CrossRef Full Text | Google Scholar

Rettie, H., and Daniels, J. (2020). Coping and tolerance of uncertainty: predictors and mediators of mental health during the COVID-19 pandemic. Am. Psychol. doi: 10.1037/amp0000710. [Epub ahead of print].

PubMed Abstract | CrossRef Full Text | Google Scholar

Rothbaum, F., Weisz, J. R., and Snyder, S. S. (1982). Changing the world and changing the self: a two-process model of perceived control. J. Pers. Soc. Psychol. 42, 5–37. doi: 10.1037/0022-3514.42.1.5

CrossRef Full Text | Google Scholar

Rothschild, Z. K., Landau, M. J., Sullivan, D., and Keefer, L. A. (2012). A dual-motive model of scapegoating: displacing blame to reduce guilt or increase control. J. Pers. Soc. Psychol. 102, 1148–1163. doi: 10.1037/a0027413

PubMed Abstract | CrossRef Full Text | Google Scholar

Shea, J. A., Micco, E., Dean, L. T., McMurphy, S., Schwartz, J. S., and Armstrong, K. (2008). Development of a revised health care system distrust scale. J. Gen. Intern. Med. 23, 727–732. doi: 10.1007/s11606-008-0575-3

PubMed Abstract | CrossRef Full Text | Google Scholar

Shen, L., Condit, C. M., and Wright, L. (2009). The psychometric property and validation of a fatalism scale. Psychol. Health 24, 597–613. doi: 10.1080/08870440801902535

PubMed Abstract | CrossRef Full Text | Google Scholar

Shi, L., and Stevens, G. D. (2010). Vulnerable Populations in the United States. San Francisco, CA: Jossey-Bass.

Google Scholar

Sullivan, D., Landau, M. J., Rothschild, Z. K., and Keefer, L. A. (2014). “Searching for the root of all evil: An existential-sociological perspective on political enemyship and scapegoating,” in Power, Politics, and Paranoia: Why People are Suspicious About Their Leaders, eds J. van Prooijen and P. A. M. van Lange (Cambridge: Cambridge University Press), 292–311. doi: 10.1017/CBO9781139565417.020

CrossRef Full Text | Google Scholar

Tao, W., Zeng, Z., Dang, H., Lu, B., Chuong, L., Yue, D., and Kominski, G. F. (2020). Towards universal health coverage: lessons from 10 years of healthcare reform in China. BMJ Global Health 5:e002086. doi: 10.1136/bmjgh-2019-002086

PubMed Abstract | CrossRef Full Text | Google Scholar

The Lancet (2012). Ending violence against doctors in China. Lancet 379:1764. doi: 10.1016/S0140-6736(12)60729-6

CrossRef Full Text | Google Scholar

The Lancet (2014). Violence against doctors: Why China? Why now? What next? Lancet 383:1013. doi: 10.1016/S0140-6736(14)60501-8

CrossRef Full Text | Google Scholar

Unschuld, P. U. (2018). Traditional Chinese Medicine: Heritage and Adaptation. New York, NY: Columbia University Press. doi: 10.7312/unsc17500

CrossRef Full Text | Google Scholar

Wallston, K. A., Wallston, B. S., and DeVellis, R. (1978). Development of the Multidimensional Health Locus of Control (MHLC) scales. Health Educ. Monogr. 6, 160–170. doi: 10.1177/109019817800600107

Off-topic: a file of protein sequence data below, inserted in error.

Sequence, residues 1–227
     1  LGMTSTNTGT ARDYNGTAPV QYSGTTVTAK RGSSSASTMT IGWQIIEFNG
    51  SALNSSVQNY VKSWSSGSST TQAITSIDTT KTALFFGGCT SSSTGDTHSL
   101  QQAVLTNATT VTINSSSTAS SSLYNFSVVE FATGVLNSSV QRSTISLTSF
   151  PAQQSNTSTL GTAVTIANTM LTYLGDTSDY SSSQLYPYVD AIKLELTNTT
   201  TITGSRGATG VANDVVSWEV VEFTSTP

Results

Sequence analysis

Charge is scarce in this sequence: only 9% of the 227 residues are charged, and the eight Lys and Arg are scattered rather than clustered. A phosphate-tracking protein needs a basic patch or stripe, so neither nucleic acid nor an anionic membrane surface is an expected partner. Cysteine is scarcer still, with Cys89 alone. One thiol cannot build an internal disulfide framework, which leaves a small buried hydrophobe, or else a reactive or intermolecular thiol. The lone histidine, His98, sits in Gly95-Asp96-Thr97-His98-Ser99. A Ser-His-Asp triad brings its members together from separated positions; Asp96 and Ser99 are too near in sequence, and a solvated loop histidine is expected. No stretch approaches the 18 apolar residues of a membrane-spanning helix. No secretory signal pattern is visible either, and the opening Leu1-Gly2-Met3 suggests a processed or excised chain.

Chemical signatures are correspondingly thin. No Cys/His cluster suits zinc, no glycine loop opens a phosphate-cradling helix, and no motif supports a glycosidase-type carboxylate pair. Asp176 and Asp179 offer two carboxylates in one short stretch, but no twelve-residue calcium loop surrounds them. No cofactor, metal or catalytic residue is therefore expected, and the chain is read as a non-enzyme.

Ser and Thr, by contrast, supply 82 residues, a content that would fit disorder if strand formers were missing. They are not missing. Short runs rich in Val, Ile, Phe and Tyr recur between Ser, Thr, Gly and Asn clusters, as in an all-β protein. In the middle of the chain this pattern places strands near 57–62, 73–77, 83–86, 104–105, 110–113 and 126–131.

PubMed Abstract | CrossRef Full Text | Google Scholar

Wolfensberger, M., and Wrigley, A. (2019). Trust in Medicine: Its Nature, Significance, and Decline. Cambridge: Cambridge University Press. doi: 10.1017/9781108763479

CrossRef Full Text | Google Scholar

Wu, S., Lin, S., Li, H., Chai, W., Zhang, Q., et al. (2014). A study on workplace violence and its effect on quality of life among medical professionals in China. Arch. Environ. Occup. Health 69, 81–88. doi: 10.1080/19338244.2012.732124

PubMed Abstract | CrossRef Full Text | Google Scholar

Zhang, R. J., Liu, J. H., Milojev, P., Jung, J., Wang, S., Xie, T., Choi, H., et al. (2019). The structure of trust as a reflection of culture and institutional power structure: Evidence from four East Asian societies. Asian J. Soc. Psychol. 22, 59–73. doi: 10.1111/ajsp.12350

CrossRef Full Text | Google Scholar

Keywords: scapegoating, medical uncertainty, COVID-19, personal control, China, illness

Citation: Yang Q, Young IF, Wan J and Sullivan D (2021) Culturally Grounded Scapegoating in Response to Illness and the COVID-19 Pandemic. Front. Psychol. 12:632641. doi: 10.3389/fpsyg.2021.632641

Received: 23 November 2020; Accepted: 11 March 2021;
Published: 06 April 2021.

Edited by:

Yulia Chentsova Dutton, Georgetown University, United States

Reviewed by:

Jose Yong, Nanyang Technological University, Singapore
C. Dominik Güss, University of North Florida, United States

Copyright © 2021 Yang, Young, Wan and Sullivan. This is an open-access article distributed under the terms of the Creative Commons Attribution License (CC BY). The use, distribution or reproduction in other forums is permitted, provided the original author(s) and the copyright owner(s) are credited and that the original publication in this journal is cited, in accordance with accepted academic practice. No use, distribution or reproduction is permitted which does not comply with these terms.

*Correspondence: Qian Yang,